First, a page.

Lush greenery and diverse plant life will take over the roof of 1 Treasury Place to create an urban oasis, in a joint $2.5 million Melbourne City Council and Victorian Government initiative (not-for-profit Hort Innovation, a horticulture research and development company, has also contributed funding).

The rooftop will serve as a demonstration and research site to investigate the feasibility and design possibilities for the creation of green urban infrastructure in Melbourne. Green roofs have been shown to reduce greenhouse gas emissions, lower energy costs, boost stormwater retention, subdue heatwaves and improve personal wellbeing. There are currently only 40 green roofs in Melbourne.

Associate Professor Nicholas Williams, an ecologist at The University of Melbourne, is leading the team of researchers on the project. Part of the research includes determining why Australian cities have lagged behind those in Europe and North America when it comes to green roof uptake.

“In 2007, I realized that green roofs were quite common overseas, but we didn’t have any, really, in Australia at that time,” Williams tells Broadsheet. “If they’ve got lots of benefits, why aren’t there more green roofs on Australian buildings? That’s what we’re trying to find out.”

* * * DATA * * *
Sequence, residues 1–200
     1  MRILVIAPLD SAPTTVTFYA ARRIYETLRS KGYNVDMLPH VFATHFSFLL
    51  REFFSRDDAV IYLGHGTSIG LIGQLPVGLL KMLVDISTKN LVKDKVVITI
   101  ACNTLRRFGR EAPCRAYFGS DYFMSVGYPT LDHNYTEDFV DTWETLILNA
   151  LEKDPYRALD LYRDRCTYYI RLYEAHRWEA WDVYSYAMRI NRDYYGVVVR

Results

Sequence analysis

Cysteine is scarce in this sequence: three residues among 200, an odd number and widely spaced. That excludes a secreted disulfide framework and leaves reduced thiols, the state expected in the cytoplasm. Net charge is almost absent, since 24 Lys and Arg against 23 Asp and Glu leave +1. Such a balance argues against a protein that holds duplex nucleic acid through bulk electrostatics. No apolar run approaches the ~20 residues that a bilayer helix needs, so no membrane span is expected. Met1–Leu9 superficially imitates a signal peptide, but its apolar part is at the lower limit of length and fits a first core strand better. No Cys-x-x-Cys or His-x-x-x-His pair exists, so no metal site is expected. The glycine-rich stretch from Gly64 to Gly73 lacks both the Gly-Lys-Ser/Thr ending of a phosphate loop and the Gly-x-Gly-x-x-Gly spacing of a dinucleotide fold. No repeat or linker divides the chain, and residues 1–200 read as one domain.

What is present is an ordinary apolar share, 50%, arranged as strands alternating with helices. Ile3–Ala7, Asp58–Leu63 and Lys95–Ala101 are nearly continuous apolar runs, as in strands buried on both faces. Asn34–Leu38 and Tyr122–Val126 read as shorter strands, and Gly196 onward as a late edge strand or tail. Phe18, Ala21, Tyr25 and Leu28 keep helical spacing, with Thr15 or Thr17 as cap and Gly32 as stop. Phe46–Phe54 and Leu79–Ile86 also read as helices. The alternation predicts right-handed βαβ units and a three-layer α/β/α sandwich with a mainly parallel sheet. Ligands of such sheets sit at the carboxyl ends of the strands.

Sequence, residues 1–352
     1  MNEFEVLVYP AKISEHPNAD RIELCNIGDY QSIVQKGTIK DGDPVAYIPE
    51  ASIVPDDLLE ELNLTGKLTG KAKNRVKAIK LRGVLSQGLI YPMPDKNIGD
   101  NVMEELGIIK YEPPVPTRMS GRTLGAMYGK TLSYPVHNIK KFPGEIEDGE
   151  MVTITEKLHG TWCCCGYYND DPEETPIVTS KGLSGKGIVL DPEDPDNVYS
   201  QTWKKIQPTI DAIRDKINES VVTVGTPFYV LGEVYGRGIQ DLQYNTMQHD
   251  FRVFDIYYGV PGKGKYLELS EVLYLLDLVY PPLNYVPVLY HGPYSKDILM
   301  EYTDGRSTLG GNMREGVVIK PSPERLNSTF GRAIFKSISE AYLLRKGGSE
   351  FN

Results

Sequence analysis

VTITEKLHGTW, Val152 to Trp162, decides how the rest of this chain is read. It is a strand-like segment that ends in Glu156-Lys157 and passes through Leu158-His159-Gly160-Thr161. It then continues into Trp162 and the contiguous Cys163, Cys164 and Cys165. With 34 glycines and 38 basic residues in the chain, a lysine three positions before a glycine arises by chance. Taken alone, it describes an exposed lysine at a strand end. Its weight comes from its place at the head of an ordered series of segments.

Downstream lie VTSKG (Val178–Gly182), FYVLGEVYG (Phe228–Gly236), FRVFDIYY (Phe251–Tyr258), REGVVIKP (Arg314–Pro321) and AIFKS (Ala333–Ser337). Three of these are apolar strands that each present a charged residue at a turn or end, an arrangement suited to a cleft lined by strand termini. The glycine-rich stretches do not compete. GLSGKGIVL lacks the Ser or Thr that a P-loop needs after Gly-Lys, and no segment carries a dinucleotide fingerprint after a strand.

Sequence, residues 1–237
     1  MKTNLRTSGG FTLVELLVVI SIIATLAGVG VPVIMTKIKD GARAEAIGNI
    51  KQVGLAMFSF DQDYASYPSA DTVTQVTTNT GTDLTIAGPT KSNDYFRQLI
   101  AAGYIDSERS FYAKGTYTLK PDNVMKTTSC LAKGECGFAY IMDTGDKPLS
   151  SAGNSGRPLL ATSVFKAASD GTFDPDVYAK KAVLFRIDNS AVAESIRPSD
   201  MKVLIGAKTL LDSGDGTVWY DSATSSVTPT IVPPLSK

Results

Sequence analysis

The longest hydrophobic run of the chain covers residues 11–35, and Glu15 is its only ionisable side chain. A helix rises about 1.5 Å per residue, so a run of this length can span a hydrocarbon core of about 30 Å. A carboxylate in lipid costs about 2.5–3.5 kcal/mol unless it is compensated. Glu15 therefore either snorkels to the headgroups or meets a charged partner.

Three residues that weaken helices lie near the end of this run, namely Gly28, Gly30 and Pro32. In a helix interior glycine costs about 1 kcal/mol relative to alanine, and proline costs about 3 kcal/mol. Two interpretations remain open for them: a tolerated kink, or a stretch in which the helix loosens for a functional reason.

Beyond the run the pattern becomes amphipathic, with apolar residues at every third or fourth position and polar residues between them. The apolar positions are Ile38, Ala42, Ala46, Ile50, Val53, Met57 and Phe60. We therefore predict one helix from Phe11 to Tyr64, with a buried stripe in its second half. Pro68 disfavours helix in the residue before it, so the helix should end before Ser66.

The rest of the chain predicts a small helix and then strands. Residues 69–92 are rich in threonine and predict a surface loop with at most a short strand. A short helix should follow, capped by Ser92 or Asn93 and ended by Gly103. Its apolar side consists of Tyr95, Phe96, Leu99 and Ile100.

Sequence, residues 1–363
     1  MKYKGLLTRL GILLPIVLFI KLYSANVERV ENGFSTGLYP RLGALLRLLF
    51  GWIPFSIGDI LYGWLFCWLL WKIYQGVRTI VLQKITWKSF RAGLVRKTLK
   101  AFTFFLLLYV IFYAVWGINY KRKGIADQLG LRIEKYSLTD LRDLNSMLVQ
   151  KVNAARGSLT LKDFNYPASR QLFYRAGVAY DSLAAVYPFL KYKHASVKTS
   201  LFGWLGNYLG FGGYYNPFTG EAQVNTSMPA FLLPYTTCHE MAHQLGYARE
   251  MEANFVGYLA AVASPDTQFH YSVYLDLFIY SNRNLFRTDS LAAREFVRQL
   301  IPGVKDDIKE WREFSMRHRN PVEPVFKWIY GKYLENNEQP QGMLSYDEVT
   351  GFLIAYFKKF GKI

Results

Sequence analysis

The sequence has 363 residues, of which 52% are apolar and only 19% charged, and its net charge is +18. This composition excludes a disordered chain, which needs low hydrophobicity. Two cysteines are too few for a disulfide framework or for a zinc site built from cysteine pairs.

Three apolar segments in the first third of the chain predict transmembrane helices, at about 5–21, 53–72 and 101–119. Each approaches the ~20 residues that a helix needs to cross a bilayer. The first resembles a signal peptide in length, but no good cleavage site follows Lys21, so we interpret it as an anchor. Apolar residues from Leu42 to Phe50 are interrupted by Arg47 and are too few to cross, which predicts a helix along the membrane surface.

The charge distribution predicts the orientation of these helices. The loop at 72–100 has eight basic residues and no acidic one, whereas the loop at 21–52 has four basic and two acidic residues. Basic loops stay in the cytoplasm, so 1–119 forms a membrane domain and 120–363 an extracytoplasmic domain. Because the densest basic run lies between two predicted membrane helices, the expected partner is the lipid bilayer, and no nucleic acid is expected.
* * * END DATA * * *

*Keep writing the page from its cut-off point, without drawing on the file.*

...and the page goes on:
Williams cites Toronto as an example, explaining that by-laws have made the inclusion of green roofs mandatory for certain types of new buildings.

He hopes the Treasury Place project can set an example and serve as a model for similar projects. Findings from the research will eventually be shared with the public.

“We’re trying to encourage building owners and managers to retrofit them to existing buildings, where possible, and also incorporate them into new buildings,” says Williams.

Climate change is an issue that needs to be tackled in Australian cities that are prone to heatwaves, he says. “We know that heatwaves are a major killer for Australians. What green roofs do is keep moisture in air, so that will help cool the city,” he explains. “If there are plants on the roof, they will absorb the heat and reflect it back into the atmosphere instead.”

With most of the world’s population now living in big cities, Williams says it’s important that more sustainability initiatives are integrated into urban spaces.

“If we could make our cities more sustainable, by using green infrastructure, incorporating biodiversity, and letting natural systems do a lot of the work for us, it’s going to reduce the impacts on the surrounding landscape and the world globally,” he says.

The design of the green roof will be by Aspect Studios, also behind Sydney’s The Goods Line and the new Sydney Fish Market. Construction on the 1500-square-metre project is expected to begin early next year and be completed by June 2020.

Other urban infrastructure projects have been announced in recent months, including Melbourne Skyfarm in Docklands and Green Spine in Melbourne’s CBD, as well as the Eveleigh Treehouse in Sydney.